US 32827 A
Description (OCR text may contain errors)
UNITED STATES PATENT OFFICE.
JOSEPH EVANS, OF SAN JOSE, CALIFORNIA.
Specication of Letters Patent No. 82,827, dated July 16, 1861.
To all whom it may concern:
Be it known that I, JOSEPH EvANs, of San J ose, in the county of Santa Clara and State of California, have invented a new and useful Improvement in Pruning-Shears, and I do hereby declare that the following is a full, clear, and exact description of the same, reference being had to the accompanying drawing, forming a part of this specification, in which- Figure l, represents a front elevation of my invention. Fig. 2, is a side elevation of the same.
Similar letters of reference in both views indicate corresponding parts.
The object of this invention is to construct shears adapted for pruning trees out of the ordinary reach of the arm, and capable of being operated while both hands can be used for steadying the pole to which the shears are attached. In order to render the operation of such shears practicable, those parts, which serve to operate the same, must be so arranged, that the pole remains perfectly steady while the shears open or close. If the shears are operated by pulling a cord or rod in the direction of the pole, that hand, which is engaged in exerting a strain on said cord or pole, can not, at the same time be used for steadying the pole, and it is impossible, with one hand, to manage the shears and to keep them to the point where they are intended to do service, especially if the pole is of considerable length. And if both hands have to be used to operate the shears no man is able to keep them suiiiciently steady to render them in any way practicable. For these reasons I have arranged my shears in such a manner that the same can be operated by a simple pressure of the thumb or palm of one hand, while both hands are employed for the purpose of steadying the pole, and I will now proceed to describe the means, which I employ to obtain this object and which I consider as my invention, with reference to the drawing.
The shears A, are secured to the end of the pole B, by means of a pivot a, passing through a bracket b, that is firmly attached to the pole. The pivot c, forms also the fulcrum for the two arms of the shears and these two arms are curved outwardly as clearly shown in Fig. 1, and they are connected by means of links c. The outer ends of these links are attached to the arms of the shears by means of pivots (l, and their inner ends are hooked on the end of the rod C, so that by pulling this rod down the shears are closed and by pushing the same up, the shears are opened. The rod C, is made out of two parts, which are united by a screw coupling e, with a right and left handed thread, whereby the length of the rod can be adjusted and the throw of the shears increased or diminished at pleasure. The rod C, is guided by loops or eyes f, that are firmly inserted into the pole B, and its lower end connects, by means of a link g, with the trigger D. This trigger is secured to the side of the pole B, opposite to the rod C, by means of a pivot it, passing through a bracket c', and a spring y', forces said trigger off from the pole as far as the link g, will allow. The lower end of the pole is protected by a case E, which incloses the end of the rod C, and which forms the handle for the pole, and the guide for the joint loe-NA tween the link and the rod.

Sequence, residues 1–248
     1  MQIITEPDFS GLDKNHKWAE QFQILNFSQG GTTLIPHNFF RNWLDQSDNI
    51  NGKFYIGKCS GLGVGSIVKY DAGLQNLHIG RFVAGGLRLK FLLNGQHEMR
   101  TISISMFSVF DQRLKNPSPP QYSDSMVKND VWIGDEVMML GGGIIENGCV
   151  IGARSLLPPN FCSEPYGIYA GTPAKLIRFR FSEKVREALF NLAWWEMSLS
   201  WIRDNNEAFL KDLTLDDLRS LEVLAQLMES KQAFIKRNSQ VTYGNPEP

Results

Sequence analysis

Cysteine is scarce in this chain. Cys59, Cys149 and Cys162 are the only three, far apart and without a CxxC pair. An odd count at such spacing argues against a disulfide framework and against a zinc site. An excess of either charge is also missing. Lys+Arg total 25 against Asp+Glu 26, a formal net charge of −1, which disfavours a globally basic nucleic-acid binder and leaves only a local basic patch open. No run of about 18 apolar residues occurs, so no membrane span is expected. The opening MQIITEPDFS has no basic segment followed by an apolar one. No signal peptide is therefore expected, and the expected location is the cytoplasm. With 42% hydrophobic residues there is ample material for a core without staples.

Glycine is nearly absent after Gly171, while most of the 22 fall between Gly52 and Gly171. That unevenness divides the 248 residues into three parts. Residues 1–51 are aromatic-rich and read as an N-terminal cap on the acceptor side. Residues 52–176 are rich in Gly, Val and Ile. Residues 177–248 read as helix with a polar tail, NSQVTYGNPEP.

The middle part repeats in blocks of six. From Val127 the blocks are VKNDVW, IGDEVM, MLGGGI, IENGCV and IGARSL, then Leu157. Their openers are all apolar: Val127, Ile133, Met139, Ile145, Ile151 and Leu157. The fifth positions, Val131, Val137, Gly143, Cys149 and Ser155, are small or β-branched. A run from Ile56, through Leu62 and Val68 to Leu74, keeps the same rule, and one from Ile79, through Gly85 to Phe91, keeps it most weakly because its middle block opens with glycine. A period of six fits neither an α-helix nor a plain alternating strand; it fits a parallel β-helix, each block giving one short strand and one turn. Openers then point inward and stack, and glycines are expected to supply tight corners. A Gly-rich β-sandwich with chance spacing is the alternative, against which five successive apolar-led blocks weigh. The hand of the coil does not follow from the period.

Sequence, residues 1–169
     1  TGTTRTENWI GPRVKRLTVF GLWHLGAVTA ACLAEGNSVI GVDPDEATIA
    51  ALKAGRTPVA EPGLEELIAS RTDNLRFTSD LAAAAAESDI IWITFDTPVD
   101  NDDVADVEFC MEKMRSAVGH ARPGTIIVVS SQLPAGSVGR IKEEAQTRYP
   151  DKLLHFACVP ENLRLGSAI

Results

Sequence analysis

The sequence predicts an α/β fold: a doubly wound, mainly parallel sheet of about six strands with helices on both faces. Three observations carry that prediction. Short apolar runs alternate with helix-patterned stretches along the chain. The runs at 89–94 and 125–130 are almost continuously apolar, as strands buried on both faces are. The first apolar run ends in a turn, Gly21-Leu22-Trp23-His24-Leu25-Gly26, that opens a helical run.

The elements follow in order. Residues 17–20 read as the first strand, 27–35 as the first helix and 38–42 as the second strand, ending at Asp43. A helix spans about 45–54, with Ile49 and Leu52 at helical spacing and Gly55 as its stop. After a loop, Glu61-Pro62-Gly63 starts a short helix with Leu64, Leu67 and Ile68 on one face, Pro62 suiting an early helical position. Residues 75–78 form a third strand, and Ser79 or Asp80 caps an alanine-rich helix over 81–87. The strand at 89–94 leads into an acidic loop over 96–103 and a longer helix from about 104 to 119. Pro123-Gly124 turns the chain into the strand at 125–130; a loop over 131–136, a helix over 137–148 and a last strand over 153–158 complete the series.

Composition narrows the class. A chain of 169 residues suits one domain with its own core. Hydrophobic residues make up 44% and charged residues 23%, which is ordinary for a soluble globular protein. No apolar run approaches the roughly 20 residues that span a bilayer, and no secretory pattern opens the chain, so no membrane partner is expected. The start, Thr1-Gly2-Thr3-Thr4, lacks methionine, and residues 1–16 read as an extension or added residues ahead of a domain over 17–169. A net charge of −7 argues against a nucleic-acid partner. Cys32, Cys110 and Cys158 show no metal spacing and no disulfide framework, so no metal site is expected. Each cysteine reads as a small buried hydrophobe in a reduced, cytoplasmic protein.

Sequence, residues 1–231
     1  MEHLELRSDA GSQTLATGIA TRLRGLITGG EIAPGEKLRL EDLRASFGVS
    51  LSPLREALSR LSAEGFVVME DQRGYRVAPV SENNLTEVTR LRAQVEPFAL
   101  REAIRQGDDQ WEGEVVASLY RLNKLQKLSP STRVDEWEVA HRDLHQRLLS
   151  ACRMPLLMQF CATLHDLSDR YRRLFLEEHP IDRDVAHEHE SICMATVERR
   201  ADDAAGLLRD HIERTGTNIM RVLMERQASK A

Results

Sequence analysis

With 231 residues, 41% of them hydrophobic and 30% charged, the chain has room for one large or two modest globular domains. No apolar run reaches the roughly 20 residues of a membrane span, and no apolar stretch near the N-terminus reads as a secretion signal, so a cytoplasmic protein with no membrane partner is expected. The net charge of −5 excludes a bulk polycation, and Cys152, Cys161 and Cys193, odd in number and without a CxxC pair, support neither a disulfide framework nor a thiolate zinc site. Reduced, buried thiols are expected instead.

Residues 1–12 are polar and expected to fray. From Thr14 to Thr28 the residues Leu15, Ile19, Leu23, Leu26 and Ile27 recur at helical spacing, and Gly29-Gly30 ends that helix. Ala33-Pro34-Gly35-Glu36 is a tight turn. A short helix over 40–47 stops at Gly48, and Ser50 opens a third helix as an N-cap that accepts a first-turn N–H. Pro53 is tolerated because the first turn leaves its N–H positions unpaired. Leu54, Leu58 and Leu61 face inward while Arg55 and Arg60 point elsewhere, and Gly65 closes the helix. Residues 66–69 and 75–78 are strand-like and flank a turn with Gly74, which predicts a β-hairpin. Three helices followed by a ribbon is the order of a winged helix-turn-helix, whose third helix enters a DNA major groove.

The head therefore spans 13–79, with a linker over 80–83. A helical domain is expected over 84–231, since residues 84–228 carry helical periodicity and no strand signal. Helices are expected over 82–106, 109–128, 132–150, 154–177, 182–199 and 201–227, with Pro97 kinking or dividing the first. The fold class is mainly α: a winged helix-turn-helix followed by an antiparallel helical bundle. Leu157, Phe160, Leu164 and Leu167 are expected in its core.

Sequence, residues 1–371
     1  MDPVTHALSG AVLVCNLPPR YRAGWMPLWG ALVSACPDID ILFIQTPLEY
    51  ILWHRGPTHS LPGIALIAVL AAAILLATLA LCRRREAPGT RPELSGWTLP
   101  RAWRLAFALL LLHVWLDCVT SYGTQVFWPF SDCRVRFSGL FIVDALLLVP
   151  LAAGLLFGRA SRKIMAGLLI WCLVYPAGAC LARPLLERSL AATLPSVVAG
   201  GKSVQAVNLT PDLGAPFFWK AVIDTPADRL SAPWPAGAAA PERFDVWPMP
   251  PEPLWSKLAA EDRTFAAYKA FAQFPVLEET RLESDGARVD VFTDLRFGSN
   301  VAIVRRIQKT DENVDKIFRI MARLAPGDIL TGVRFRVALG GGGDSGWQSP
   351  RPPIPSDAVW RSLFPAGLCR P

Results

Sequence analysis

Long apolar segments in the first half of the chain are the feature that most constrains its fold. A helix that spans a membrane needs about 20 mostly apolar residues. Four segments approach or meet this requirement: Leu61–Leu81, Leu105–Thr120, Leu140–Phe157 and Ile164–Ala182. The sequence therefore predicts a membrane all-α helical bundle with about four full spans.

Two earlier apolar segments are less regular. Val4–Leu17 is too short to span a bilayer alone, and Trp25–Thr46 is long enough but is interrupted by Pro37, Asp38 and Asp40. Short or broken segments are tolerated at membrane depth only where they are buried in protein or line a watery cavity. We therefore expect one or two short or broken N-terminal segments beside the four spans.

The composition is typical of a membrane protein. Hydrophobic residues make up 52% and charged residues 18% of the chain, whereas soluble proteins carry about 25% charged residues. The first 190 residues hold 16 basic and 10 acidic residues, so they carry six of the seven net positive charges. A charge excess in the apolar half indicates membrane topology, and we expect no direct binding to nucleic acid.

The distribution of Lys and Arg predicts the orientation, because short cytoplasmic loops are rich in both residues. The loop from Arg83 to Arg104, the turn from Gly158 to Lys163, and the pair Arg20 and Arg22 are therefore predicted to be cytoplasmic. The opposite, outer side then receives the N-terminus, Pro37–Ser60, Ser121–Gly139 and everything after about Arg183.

If it is desired to use the shears, the four fingers of the right hand are placed around the case E, with the thumb ready to operate the trigger, while the left hand takes hold of the pole above the case. The shears are now brought to the desired position and by depressing the trigger they are closed. On
releasing the trigger the spring j forces thev same up to its original position and the shears are ready for a new cut.
These shears are very simple, they are easily operated and the pole can be made of any desired length and still the shears can be operated with comparative ease, since both hands can be employed for steadying the pole and a small motion of a portion of one hand is suiicient to depress the trigger and to effect the cutting.
Having thus fully described my invention what I claim as new and desire to secure by Letters Patent is:
The arrangement of the trigger D, and the adjustable rod C, in combination with the shears A, and pole B, constructed and operating in the manner and for the purpose set forth.
Vitnesses M. M. LIVINGSTON, C. W. CowTAN.